Health,Stem Cells, and Technology

Sunday, May 27, 2012

SRM Mediated Recovery In Multiple Sclerosis

A molecule released from human mesenchymal stem cells that promotes growth appears to induce restoration of nerves and their function in rodent models of multiple sclerosis (MS), according to Dr. Robert H. Miller, Ph.D. and team at Case Western Reserve University School of Medicine. 

Mesenchymal stem cells (MSCs), a type of adult stem cell, have emerged as a potential therapy for a range of neural conditions. In animal models of multiple sclerosis, an autoimmune disease that targets parts of the brain tissue called oligodendrocytes and myelin, treatment with human MSCs results in functional improvement through two main pathways: 1. modulation of the immune response, and 2. myelin repair. The study demonstrated that SRM, sometime also referred to as conditioned medium, from human MSCs (MSC-CM) reduces functional deficits in mouse MOG35–55-induced experimental autoimmune encephalomyelitis (EAE) and promotes the development of oligodendrocytes and neurons. Functional assays identified hepatocyte growth factor (HGF) and its primary receptor cMet as critical in MSC-stimulated recovery in EAE, neural cell development, and remyelination. Active MSC-CM contained HGF, and exogenously supplied HGF promoted recovery in EAE, whereas cMet and antibodies to HGF blocked the functional recovery mediated by HGF and MSC-CM. Systemic treatment with HGF markedly accelerated remyelination in lysolecithin-induced rat dorsal spinal cord lesions and in slice cultures. These data strongly implicate HGF as one of the key mediators in MSC-stimulated functional recovery in animal models of multiple sclerosis. The data show that HGF is necessary for recovery, but do not show that HGF is sufficient for recovery; i.e. other SRM factors may be necessary for the recovery.

Ref: Nature Neuroscience

Friday, May 11, 2012

Extended Survival of Cancer Patients After Chemoprotective Stem Cell Therapy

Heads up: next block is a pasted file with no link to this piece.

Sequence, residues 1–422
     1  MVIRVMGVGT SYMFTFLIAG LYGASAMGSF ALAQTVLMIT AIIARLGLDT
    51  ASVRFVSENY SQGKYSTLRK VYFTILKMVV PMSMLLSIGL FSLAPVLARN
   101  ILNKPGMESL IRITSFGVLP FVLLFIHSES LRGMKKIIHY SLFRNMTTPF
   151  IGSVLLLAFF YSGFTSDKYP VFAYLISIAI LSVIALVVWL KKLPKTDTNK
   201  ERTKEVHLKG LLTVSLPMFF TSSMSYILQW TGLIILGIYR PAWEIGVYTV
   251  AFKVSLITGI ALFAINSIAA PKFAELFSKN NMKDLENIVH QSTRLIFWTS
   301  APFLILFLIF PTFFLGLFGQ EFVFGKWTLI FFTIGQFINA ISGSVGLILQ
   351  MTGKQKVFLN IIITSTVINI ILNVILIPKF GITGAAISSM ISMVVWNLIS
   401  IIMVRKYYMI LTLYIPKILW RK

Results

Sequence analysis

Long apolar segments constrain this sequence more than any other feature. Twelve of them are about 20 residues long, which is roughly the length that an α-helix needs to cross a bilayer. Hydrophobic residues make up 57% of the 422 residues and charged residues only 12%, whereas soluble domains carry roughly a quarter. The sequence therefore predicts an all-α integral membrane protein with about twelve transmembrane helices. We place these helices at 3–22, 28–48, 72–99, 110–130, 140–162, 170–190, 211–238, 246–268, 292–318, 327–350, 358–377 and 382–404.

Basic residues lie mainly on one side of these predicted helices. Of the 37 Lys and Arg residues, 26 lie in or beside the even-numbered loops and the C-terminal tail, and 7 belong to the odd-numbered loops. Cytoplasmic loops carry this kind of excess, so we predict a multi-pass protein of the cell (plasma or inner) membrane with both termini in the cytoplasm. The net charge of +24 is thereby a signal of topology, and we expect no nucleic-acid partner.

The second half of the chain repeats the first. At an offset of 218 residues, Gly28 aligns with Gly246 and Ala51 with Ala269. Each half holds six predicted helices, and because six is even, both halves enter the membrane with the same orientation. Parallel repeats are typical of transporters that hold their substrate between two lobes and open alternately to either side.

Gene transfer of the P140K mutant of O6-methylguanine-DNA-methyltransferase (MGMT(P140K)) into autologous hematopoietic stem cells (HSC) removed from cancer patients provides a mechanism for drug resistance and the selective expansion of the blood cells.

Chemotherapy with alkylating agents used for treating malignant disease results in the decreased ability to produce blood cells (myelosuppression) that can significantly limit dose escalation of the chemotherapy and therefore often limit the clinical efficacy of the procedure. Previous studies (Milson and Williams, 2007, DNA Repair) have shown that gene therapy techniques using mutant methylguanine methyltransferase (P140K) gene–modified hematopoietic stem and progenitor cells may circumvent this problem by abrogating the toxic effects of chemotherapy on hematopoietic cells. The study by Dr. Hans-Peter Kiem and his colleagues at the University of Washington used this approach in the clinic with a small number of glioblastoma patients. The data show an efficient polyclonal engraftment of autologous P140K-modified hematopoietic stem and progenitor cells in three patients with glioblastoma. Increases in P140K-modified cells after transplant indicate selection of gene-modified hematopoietic repopulating cells. Longitudinal retroviral integration site (RIS) analysis identified more than 12,000 unique RISs in the three glioblastoma patients, with multiple clones present in the peripheral blood of each patient throughout multiple chemotherapy cycles. To assess safety, they monitored RIS distribution over the course of chemotherapy treatments. Two patients exhibited emergence of prominent clones harboring RISs associated with the intronic coding region of PRDM16 (PR domain–containing 16) or the 3′ untranslated region of HMGA2 (high-mobility group A2) genes with no adverse clinical outcomes. All three patients surpassed the median survival for glioblastoma patients with poor prognosis, with one patient alive and progression-free more than 2 years after diagnosis. Thus, transplanted P140K-expressing hematopoietic stem and progenitor cells are chemoprotective, potentially maximizing the drug dose that can be administered.